Is Your Brick-and-Mortar Small Business Mobile Local? 7 Steps To Take Now

Is Your Small Business Mobile Local?

If you have a brick-and-mortar small business that sells products or services to local consumers, I have two questions for you…How large is your local footprint? How aggressively mobile are your customers?

Chances are good that your customers and prospects are already using their Smartphones and Tablets to conduct local searches. In fact, three out of five consumers already use a mobile phone to search for local businesses now. By 2016, mobile local searches will overtake desktop local searches.

Consumers' Local Search BehaviorIn May 2014, Google published a report called Understanding Consumers’ Local Search Behavior. In it are nuggets of great information including how consumers conduct searches based on their location and proximity, the numbers of consumers who take action after conducting a local search, and how important location information—product availability, business address and directions—are for consumers. Check out these statistics in the inforgraph to the left.

Numbers and statistics are great. But, how do you get a piece of the action? Right?

Benefits to being mobile local include improved brand awareness, lead quality, and lift over traditional search programs.

Here are seven steps you can take now to take your small business store to the mobile local level.

 

 

How To Go Mobile Local: 7 Steps to Take

Take Your Website Mobile. A report by BaseKit released in April 2014 revealed a surprising 91% of small business websites are not optimized for mobile use. Not only will a mobile-friendly website help your online results, Google is now sending emails to webmasters who haven’t updated to mobile yet….which could be a sign that Google is planning a new mobile ranking algorithm.  Google offers a Mobile-Friendly Test if you’re not sure about the mobile status of your website. Responsive design, which detects a visitor’s screen size and orientation and changes the layout accordingly, is recommended.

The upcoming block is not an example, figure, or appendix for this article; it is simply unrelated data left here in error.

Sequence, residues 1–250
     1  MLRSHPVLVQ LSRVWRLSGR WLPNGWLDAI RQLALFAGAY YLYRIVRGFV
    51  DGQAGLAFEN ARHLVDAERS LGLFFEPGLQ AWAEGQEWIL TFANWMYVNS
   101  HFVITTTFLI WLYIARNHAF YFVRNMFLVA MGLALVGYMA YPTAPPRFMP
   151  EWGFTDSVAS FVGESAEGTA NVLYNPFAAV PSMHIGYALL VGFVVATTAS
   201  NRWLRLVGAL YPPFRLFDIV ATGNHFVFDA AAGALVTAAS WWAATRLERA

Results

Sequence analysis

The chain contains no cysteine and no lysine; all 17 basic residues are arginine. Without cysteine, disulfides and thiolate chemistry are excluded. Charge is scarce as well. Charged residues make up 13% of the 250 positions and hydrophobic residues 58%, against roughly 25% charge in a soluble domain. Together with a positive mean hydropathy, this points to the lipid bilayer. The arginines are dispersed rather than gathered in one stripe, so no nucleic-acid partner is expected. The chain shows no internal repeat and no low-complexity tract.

Get Google My Business. Google My Business replaced Google Places and is great for improving your local visibility. It puts your business information on Search, Maps and Google+. It will help improve your search engine page ranking and put you on Google Maps.

Optimize Location-Specific Content. Does your website content contain location-specific content? What location keywords have you used? Location-specific content is usually found on the Contact Us page of websites. But, it’s important to optimize other website content with location keywords and information.

Optimize Local Listings. How visible is your business on local listings? How accurate is that information? Local SEO is about both visibility and accuracy. This means making sure your listing on Yelp, Yahoo, Bing, Foursquare, MapQuest, etc. is accurately maintained. Optimizing local listings takes this a step further by adding content, hours of operation, promotions, images, videos, price menus and more based on your customers’ needs and expectations.

Go Local With Ads. Consumers want to know if you have the product and where you’re located. Ensure that product availability, address and directions appear in your ads across venues.

Gather Customer Reviews.  Eighty eight percent (88%) of consumers trust online reviews. This is huge. Having customer reviews on your website and/or on your Google+ page